Fed at Risk: If the US Fed and large banks get into trouble – then next time the only entity that will be able to save the banking system is the IMF. The printer or last resort. Certainly we expect more quantitative easing one a recession starts and people find it difficult to pay for interest rate rises.

Tough Times: It's very tough to see good investment opportunities at this time – since the US and UK stock markets look very high, debts are gigantic and property prices also look high.  Probably the best bed is buying silver bullion at this time. Gold also looks cheap. When you take all the US money that has been printed since the USA came off the gold standard – then divide by the amount of gold on the planet – instead of $1350/ounce – gold should conservatively be worth $25,000 an ounce – with some estimates upwards of $65,000. The point is – that quantitative easing – of digital currency printing over the last 10 years has been gigantic – and this has created bubbles in the stock market and property – also supported the bond market bubble. Its now time we believe for gold, silver and oil to be driven up – particularly if war breaks out in Korea, China or anywhere also the US military get involved in – for example Russia or the Middle East – Iran.

UK Attractive: In the UK – property still remains a fairly attractive long term proposition – and one could make the argument that with all the Brexit doomsayers active, now could be a good time to buy. However, we would hold off – and see what happens in case of war and higher interest rates, since property prices could be in for a dip if they are affected by these or a recession – it’s not really a safe time to buy.

Some reasons – longer term – why property is set to continue to be a good investment, particularly in London:

High Birth Rate in London: One of the main reason for robust London property prices is that London’s population forecast to reach 9.8 million by 2025 due to overseas arrivals and high birth rate (figures from the Office of National Statistics). New arrivals to London have offset the high numbers leaving the city for other countries and the rest of the UK. The population of London grew at twice the rate of the UK as a whole between 2011 and 2015. London’s population is likely to reach almost 10 million by the middle of the next decade.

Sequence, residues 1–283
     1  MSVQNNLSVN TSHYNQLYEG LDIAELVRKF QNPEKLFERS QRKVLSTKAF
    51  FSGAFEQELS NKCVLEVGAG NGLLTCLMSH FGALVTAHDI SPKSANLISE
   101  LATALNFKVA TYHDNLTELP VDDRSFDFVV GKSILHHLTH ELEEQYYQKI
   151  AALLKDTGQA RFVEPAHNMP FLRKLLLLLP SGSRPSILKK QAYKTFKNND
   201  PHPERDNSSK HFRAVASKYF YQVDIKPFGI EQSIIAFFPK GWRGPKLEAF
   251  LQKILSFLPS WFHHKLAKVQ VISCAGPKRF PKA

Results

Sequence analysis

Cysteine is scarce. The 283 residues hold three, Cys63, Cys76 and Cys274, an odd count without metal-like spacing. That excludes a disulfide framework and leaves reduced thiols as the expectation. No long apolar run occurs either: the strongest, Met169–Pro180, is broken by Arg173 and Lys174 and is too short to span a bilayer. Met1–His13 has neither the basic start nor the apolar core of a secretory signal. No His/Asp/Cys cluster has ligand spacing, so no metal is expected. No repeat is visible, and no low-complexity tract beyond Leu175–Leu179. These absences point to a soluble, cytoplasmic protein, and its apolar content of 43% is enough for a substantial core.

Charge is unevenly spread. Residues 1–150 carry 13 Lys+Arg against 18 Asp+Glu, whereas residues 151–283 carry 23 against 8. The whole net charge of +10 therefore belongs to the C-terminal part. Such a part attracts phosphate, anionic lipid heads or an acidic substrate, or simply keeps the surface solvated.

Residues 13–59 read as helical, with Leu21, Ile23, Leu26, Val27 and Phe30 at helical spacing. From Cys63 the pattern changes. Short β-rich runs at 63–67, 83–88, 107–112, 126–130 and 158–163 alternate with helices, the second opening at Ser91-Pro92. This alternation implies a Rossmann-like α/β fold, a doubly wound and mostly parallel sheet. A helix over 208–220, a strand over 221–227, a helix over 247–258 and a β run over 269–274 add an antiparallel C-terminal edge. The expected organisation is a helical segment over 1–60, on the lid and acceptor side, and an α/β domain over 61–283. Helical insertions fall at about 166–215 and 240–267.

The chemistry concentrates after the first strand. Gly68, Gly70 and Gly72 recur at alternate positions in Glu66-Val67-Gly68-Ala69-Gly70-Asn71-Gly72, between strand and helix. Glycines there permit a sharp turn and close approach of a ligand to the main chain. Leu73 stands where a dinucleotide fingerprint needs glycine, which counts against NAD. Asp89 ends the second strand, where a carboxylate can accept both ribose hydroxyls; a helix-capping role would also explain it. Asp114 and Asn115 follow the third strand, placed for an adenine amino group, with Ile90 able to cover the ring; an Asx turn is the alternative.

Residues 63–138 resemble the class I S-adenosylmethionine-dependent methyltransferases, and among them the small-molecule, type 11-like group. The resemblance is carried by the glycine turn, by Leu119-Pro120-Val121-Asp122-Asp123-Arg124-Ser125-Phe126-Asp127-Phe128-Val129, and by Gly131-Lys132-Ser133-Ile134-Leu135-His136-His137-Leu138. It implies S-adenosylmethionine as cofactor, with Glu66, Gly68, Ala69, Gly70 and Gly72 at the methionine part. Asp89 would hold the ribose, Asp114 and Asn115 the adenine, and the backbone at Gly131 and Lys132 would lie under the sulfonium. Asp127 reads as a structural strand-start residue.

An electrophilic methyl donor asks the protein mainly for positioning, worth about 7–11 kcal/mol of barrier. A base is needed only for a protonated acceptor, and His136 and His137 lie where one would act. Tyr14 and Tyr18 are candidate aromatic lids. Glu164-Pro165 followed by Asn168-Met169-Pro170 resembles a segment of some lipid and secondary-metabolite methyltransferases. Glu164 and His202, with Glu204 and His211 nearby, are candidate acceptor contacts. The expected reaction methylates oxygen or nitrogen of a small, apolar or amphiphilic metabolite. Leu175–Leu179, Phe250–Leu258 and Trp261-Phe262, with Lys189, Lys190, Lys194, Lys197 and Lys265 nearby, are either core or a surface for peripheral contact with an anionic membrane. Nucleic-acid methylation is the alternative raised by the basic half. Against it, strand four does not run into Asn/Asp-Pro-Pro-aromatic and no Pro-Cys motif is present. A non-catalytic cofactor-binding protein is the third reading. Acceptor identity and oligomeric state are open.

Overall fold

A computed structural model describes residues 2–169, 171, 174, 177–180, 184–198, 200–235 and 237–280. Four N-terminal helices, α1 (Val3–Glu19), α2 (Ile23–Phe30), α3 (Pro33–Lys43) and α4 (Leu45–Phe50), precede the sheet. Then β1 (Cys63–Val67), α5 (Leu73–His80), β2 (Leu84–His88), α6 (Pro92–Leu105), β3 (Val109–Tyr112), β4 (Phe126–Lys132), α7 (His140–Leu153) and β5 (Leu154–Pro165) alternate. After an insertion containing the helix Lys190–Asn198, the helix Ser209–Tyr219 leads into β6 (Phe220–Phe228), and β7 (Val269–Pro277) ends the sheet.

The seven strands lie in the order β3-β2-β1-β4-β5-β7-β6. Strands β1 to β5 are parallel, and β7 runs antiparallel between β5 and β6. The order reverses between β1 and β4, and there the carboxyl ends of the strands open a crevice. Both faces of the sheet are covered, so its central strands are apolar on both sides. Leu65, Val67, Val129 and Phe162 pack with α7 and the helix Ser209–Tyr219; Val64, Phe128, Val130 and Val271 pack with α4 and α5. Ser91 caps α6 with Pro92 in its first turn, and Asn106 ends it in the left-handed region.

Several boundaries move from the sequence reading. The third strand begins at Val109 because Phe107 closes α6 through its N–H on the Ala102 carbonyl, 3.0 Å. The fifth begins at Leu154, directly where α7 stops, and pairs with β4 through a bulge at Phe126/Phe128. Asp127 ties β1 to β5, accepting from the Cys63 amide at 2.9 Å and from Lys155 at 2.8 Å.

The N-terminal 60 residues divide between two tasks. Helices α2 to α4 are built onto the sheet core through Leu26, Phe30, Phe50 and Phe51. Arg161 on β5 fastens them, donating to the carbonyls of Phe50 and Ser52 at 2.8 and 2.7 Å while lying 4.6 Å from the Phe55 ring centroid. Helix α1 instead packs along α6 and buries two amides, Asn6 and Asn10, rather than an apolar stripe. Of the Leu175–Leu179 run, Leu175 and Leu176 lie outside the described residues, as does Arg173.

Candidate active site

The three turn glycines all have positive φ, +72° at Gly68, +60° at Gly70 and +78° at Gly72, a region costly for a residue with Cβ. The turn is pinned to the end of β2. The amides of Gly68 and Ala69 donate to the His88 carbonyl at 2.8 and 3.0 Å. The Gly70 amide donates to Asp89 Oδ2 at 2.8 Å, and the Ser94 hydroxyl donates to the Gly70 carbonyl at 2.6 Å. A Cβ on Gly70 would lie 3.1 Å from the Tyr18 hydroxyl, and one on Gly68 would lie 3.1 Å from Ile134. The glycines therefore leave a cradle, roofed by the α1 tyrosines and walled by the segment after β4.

Population Boom: In mid-2011, the population of the city stood at 8.2 million - over four years it increased by 469,000 to just under 8.7 million. The arrival of 200,000 people from overseas each year, and an average of 130,000 births a year drove the city’s growth, and offset the high numbers leaving the city for other countries and the rest of the UK. This corresponded to London’s population increasing by 5.7% between mid-2011 and mid-2015, compared with growth of 2.9% for the UK as a whole. During this time, London property prices rocketed by 47% between June and 2011 and June 2015, from £285,906 to £419,474. From mid-2011 and mid-2015, after Greater London, Bristol is the city with the large population rise of 4.5%, or 49,000, to 1.1 million.

Net Migration: In London an average of 192,000 people came in each year from abroad – including Britons who have returned after a period living overseas – while 95,000 moved in the other direction. Net international migration to Greater London averaged 97,000 a year, out of a figure of 236,000 for the UK as a whole. There were an average 130,000 births in the capital each year and just 48,000 deaths.
Age Profile: Each year 63,200 people left the capital, with the 22- to 29-year-old age group the only one where more people moved in. Among 30- to 44-year-olds, 33,600 more people moved out of Greater London than into the city each year, while among children that figure was 31,700.

Bristol Boom: As an aside, Bristol saw more people move in from around the UK, with net internal migration averaging 3,700 a year between mid-2011 and mid-2015. The population of Edinburgh was also boosted by internal migration, with 2,700 more people moving into the Scottish capital than out. House prices in those cities have also increased.

Population projection: The population of Greater London is projected to grow by 12.7% between 2015 and 2025, to 9.8 million people. In the UK, the biggest projected increase is among those aged 65 and over, where the population is expected to grow by 21%. In London, this age group is projected to grow by a quarter over the decade.